Foundations of probability, random variables and their distributions, discrete and continuous random variables, independence, expectation and conditioning, generating functions, multivariate distributions, convergence of random variables, and classical limit theorems.
Point estimation, method of moments, maximum likelihood, and properties of point estimators; confidence intervals and hypothesis testing; sufficiency; Neyman-Pearson theorem, uniformly most powerful tests, and likelihood ratio tests; and Fisher information and the Cramer-Rao inequality. Additional topics may include nonparametric statistics, decision theory, and linear models.
Random walks and Markov chains; Brownian motions and Markov processes; and applications, stationary (wide sense) processes, infinite divisibility, and spectral decomposition. By permission of instructor.
FE 610:Stochastic Calculus for Financial Engineers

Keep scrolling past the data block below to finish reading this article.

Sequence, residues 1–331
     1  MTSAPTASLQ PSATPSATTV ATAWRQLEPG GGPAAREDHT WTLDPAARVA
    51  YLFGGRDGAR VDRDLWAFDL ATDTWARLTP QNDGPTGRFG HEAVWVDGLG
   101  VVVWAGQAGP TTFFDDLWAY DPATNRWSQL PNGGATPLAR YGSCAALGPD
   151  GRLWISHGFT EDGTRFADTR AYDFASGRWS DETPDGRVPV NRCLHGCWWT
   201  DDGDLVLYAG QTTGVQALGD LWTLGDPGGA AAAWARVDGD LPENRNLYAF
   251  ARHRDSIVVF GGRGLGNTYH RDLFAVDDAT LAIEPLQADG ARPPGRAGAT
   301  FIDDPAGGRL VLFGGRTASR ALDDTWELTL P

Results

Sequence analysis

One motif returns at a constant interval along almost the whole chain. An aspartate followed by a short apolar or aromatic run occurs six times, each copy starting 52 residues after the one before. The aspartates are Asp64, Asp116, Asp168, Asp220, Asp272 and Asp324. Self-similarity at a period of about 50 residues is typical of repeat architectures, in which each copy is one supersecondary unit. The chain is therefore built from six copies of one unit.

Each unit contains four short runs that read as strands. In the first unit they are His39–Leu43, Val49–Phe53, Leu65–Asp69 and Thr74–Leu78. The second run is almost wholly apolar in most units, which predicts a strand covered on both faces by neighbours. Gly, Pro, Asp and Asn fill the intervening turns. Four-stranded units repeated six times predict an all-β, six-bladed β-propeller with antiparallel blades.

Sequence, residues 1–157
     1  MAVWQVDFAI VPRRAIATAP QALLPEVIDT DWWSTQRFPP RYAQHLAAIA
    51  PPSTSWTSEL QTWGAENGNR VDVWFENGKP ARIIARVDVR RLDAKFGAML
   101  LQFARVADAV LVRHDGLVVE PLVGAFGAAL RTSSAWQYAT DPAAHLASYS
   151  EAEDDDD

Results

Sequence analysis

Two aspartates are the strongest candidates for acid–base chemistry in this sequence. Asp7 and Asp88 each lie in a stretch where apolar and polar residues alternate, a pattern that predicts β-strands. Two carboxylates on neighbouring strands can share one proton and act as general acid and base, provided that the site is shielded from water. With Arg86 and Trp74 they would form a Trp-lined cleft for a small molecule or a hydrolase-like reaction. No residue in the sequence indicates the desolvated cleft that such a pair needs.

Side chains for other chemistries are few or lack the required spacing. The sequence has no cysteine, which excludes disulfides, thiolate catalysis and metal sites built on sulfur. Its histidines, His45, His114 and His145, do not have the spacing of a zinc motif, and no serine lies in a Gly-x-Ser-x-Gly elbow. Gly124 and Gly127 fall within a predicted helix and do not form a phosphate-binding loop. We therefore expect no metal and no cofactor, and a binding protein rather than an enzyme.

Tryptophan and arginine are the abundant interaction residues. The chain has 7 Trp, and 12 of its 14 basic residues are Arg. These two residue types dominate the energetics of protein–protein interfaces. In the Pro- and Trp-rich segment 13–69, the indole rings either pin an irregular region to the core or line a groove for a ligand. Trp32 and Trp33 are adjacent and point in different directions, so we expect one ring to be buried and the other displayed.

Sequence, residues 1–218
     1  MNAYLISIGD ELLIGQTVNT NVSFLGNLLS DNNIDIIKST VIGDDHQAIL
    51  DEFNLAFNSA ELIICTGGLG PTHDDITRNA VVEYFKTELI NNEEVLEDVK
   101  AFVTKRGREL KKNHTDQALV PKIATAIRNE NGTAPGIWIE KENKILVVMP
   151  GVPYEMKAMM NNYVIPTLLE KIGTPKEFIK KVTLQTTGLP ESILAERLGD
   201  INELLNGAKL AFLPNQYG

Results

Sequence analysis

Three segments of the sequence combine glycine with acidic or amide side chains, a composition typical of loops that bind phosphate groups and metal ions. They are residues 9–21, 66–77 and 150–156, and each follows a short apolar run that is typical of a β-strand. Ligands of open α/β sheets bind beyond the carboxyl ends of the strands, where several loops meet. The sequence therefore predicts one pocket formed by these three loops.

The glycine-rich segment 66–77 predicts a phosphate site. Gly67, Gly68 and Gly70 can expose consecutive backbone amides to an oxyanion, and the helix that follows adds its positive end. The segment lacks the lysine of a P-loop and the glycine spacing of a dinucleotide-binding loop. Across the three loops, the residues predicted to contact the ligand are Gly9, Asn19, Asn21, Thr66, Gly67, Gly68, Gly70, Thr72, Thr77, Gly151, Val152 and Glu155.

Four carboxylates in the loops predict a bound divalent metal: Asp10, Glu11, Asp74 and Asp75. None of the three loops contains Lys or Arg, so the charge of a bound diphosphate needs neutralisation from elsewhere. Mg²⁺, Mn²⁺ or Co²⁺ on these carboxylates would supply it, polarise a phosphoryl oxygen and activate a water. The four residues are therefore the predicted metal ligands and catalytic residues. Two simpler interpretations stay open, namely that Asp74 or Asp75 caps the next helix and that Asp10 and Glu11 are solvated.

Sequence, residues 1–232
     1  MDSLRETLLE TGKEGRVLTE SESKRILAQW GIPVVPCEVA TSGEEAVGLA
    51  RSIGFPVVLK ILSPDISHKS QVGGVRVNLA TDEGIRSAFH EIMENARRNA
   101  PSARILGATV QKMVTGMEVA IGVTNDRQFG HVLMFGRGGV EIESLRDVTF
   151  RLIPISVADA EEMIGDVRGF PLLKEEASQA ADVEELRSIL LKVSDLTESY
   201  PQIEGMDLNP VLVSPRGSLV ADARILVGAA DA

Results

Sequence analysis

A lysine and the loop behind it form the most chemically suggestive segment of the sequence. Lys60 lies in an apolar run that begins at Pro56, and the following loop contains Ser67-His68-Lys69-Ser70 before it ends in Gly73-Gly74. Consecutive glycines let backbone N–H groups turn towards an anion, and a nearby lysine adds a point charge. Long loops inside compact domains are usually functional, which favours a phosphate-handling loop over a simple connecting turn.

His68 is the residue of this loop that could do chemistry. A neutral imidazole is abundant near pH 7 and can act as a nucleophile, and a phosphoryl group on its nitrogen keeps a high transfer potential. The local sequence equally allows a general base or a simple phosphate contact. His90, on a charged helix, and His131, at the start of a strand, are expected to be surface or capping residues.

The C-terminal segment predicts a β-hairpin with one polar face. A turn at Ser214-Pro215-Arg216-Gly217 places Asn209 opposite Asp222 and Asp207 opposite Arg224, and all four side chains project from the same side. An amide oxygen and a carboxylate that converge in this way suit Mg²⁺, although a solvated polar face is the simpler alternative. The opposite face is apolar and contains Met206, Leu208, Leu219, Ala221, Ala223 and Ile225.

This course provides the mathematical foundation for understanding modern financial theory. It includes topics such as basic probability, random variables, discrete continous distributions, random processes, Brownian motion, and an introduction to Ito's calculus. Applications to financial instruments are discussed throughout the course.
This course provides computational tools used in industry by the modern financial analyst. The current financial models and algorithms are further studied and numerically analyzed using regression and time series analysis, decision methods, and simulation techniques. The results are applied to forecasting involving asset pricing, hedging, portfolio and risk assessment, some portfolio and risk management models, investment strategies, and other relevant financial problems. Emphasis will be placed on using modern software.